Plans include grants toward a speech recognition app that helps people with speech disabilities communicate in real time and a chatbot that prepares job seekers with cognitive disabilities for interviews.
(TNS) — The ways that humans interact with technology is as varied as the ever-expanding digital landscape. But for more than a billion people with disabilities worldwide, accessing technology isn’t a matter of ‘how’ but ‘if.’ Americans with disabilities are nearly 20 percent less likely to own a tablet, smartphone, computer, and have access to high-speed internet, according to the Pew Research Center.
In recent years, tech companies have risen to the challenge of shrinking the digital divide between people with disabilities and those without. For Microsoft, artificial intelligence (AI) holds one key to increasing accessibility. A year ago, Microsoft launched a $25 million grant program called AI for Accessibility that provides funding, support and collaboration to teams or individuals creating tools designed to empower people with disabilities. Grantees are awarded varying resources and credit for Microsoft services ranging in value from $10,000 to 20,000 depending on the project requirements.
In honor of the eighth annual Global Accessibility Awareness Day — a campaign that aims to highlight the need for inclusive technology — Microsoft is announcing Thursday seven new grantees that will work on AI-powered projects over the next year. Their plans include a speech recognition app that helps people with speech disabilities communicate in real time and a chatbot that prepares job seekers with cognitive disabilities for interviews.
Inclusive technology benefits the needs and preferences of everyone, said senior accessibility architect at Microsoft Mary Bellard. For instance, a blind person may choose to hear an article read aloud, but the same technology might also be used by a sighted person who is driving.
“The opportunity for accessible and inclusive technology is even bigger than the billion-plus people in the world with disabilities,” said Bellard.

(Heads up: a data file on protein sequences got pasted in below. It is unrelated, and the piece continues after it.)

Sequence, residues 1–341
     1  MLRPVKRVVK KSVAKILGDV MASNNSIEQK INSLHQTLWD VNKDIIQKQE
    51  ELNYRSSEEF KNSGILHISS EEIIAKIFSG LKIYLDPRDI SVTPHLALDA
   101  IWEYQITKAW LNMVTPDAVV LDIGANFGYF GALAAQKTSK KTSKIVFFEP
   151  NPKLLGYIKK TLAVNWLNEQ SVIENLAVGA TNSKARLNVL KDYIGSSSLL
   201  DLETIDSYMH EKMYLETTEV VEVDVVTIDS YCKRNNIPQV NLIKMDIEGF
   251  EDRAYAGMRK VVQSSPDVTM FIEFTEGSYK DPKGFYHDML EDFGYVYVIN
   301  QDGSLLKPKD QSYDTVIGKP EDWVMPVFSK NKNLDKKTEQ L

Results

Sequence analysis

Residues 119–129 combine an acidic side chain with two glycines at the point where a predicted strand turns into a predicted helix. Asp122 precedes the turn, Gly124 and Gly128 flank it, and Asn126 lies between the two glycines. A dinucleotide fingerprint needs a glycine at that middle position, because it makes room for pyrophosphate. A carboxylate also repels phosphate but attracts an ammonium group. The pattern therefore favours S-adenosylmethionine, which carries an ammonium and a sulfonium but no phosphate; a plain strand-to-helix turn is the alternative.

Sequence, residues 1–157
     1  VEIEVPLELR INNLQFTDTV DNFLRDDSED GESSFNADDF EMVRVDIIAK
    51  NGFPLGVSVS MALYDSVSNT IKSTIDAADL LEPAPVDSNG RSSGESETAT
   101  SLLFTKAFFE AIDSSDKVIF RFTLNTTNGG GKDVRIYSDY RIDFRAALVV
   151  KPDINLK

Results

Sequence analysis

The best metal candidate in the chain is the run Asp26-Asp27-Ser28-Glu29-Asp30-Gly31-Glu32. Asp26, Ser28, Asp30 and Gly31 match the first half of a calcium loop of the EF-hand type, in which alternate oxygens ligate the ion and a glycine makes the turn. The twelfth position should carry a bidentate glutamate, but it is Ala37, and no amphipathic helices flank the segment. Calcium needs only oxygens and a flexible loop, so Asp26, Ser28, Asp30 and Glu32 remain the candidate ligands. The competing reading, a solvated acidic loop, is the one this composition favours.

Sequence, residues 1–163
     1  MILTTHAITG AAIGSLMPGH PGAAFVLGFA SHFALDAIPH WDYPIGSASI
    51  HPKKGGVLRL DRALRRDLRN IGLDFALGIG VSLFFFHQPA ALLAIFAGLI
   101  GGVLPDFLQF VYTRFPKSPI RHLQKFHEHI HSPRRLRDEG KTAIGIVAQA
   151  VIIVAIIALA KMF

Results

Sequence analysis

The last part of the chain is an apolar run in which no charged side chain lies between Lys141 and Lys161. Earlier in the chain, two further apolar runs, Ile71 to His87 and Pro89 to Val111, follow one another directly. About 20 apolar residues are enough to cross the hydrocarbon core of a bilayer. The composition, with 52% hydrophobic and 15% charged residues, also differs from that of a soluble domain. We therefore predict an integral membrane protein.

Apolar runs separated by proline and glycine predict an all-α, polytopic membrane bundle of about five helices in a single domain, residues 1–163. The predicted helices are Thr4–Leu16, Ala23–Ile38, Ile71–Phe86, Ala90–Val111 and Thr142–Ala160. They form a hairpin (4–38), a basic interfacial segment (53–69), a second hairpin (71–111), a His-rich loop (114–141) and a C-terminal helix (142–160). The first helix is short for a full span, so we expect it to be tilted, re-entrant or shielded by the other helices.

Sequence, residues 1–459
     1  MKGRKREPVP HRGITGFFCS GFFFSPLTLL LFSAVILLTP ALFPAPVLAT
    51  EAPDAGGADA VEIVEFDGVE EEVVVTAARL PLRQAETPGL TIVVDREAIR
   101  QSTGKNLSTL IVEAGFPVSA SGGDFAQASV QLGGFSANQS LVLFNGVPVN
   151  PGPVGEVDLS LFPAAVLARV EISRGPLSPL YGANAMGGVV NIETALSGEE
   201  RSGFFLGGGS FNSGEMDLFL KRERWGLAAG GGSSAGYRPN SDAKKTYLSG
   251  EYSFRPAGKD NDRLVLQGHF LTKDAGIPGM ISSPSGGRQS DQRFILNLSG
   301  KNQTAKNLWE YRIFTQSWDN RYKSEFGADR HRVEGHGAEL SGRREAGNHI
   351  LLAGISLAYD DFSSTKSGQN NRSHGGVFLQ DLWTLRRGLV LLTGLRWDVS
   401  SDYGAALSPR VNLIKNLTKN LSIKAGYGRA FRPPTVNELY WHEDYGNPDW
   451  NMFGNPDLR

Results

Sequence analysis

One project backed last year is InnerVoice, an app that uses Microsoft AI to help people with autism spectrum disorder read social cues and practice speech. Autism Spectrum Disorder is a developmental condition characterized by a range of speech, social interaction, communication, and repetitive behavior challenges.
The grant allowed creators Lois Jean Brady and Matthew Guggemos, autism specialists and speech pathologists, to add AI and a chatbot to an app that was already on the market. After a child takes a picture with the InnerVoice app, the photo is transformed into an AI-powered avatar that talks to the child. A chatbot feature also allows the user to practice conversations.
Juell Brandt, an administrator and teacher at Missouri’s Cedar Ridge School for the Severely Disabled, said that InnerVoice has helped students speak who were previously non-verbal. One Cedar Ridge teacher uses the app every day to ask her students about the weather, or what they did at home the night before. The students also use InnerVoice to ask questions on field trips, such as when they conversed with the owner of a miniature horse farm.
“One of them didn’t have any vocabulary when he got here at five, and now he speaks all time,” Brandt said about a student who uses InnerVoice. “Once we open the door for him he doesn’t stop talking.”
Dozens of events will be held throughout the world on May 16 and subsequent days to mark Global Accessibility Awareness Day, including presentations and discussions about digital accessibility at Seattle Central College on Saturday, May 18, from 9:30 a.m to 4:30 p.m.
Applications for Microsoft’s grant program are accepted on a rolling basis for projects focusing on employment, communication and everyday life. Preference is given to grantees with disabilities or those in partnerships with the impacted community.
“We don’t want to just make tech for tech’s sake,” said Bellard. “I could make a ton of different applications that show the value of computer vision, but if a person who is blind or a person with a cognitive disability doesn’t actually find value in it, then what was the point?”
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